Exploring how response distortion of personality measures affects individuals

Greg L. Stewart, Todd C. Darnold, Ryan D. Zimmerman, Laura Parks, Susan L. Dustin

Research output: Contribution to journalArticlepeer-review

24 Scopus citations


We use a within-person research design to compare response distortion on personality test scores obtained in a simulated selection context with scores obtained in a condition without motivation to distort. Even after accounting for measurement error, rank order changes result in a significant number of individuals being selected based on their selection context scores who would not be selected based on their nonmotivated scores. Yet, many individuals who distort do not elevate their scores enough to move to the top of the distribution, which alleviates some concern about combining personality measures with top-down selection procedures that adopt a low selection ratio. Common correction methods failed to accurately detect individuals who distort, and the correction practice of partialling lie scale scores from personality traits inaccurately eliminated individuals who did not truly distort.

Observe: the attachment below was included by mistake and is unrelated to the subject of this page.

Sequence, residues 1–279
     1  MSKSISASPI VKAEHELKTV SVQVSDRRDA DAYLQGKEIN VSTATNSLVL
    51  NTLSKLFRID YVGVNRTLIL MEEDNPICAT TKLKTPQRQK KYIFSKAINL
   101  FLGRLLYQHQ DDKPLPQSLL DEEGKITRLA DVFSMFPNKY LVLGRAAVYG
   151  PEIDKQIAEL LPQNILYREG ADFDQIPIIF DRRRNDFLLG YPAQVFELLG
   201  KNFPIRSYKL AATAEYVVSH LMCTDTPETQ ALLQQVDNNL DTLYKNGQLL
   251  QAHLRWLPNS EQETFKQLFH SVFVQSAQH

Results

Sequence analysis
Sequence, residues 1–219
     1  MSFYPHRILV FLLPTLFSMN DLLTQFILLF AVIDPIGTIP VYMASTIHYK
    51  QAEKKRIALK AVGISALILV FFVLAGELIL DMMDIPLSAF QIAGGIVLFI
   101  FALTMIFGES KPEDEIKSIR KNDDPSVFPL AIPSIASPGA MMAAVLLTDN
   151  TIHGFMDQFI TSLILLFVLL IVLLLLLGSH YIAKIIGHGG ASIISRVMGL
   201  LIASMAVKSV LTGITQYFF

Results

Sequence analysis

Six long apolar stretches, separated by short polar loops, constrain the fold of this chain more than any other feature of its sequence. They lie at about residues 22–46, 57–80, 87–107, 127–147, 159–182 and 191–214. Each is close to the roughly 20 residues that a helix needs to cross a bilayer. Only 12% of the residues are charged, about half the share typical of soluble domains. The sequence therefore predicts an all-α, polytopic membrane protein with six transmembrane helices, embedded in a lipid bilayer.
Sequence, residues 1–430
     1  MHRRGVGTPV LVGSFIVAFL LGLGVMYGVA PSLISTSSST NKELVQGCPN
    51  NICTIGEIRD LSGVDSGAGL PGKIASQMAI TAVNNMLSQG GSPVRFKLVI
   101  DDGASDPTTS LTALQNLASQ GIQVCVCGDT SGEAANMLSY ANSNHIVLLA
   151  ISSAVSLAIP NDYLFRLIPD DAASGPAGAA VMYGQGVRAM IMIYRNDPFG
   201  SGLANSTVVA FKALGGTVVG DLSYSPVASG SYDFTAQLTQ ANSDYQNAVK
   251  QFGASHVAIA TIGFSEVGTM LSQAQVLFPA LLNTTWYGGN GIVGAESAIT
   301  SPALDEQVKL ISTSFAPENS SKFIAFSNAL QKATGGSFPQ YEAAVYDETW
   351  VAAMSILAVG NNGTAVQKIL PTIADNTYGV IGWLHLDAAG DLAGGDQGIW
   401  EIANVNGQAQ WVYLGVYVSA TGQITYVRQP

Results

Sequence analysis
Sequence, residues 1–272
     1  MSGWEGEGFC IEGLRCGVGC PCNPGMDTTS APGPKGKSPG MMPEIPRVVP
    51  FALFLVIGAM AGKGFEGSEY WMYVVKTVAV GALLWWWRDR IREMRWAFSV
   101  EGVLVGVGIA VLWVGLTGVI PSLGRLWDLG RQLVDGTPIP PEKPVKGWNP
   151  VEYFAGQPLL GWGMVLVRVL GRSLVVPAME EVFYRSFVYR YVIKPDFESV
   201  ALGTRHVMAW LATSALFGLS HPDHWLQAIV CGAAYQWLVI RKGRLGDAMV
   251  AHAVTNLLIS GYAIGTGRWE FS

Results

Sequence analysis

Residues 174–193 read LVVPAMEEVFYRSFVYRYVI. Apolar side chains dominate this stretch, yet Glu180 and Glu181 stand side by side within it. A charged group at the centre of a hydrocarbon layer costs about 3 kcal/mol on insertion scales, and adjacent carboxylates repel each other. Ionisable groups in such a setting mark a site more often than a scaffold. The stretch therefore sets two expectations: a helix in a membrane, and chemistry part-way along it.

Original languageEnglish (US)
Pages (from-to)622-628
Number of pages7
JournalPersonality and Individual Differences
Issue number6
StatePublished - Oct 2010

All Science Journal Classification (ASJC) codes

  • Psychology(all)


Dive into the research topics of 'Exploring how response distortion of personality measures affects individuals'. Together they form a unique fingerprint.

Cite this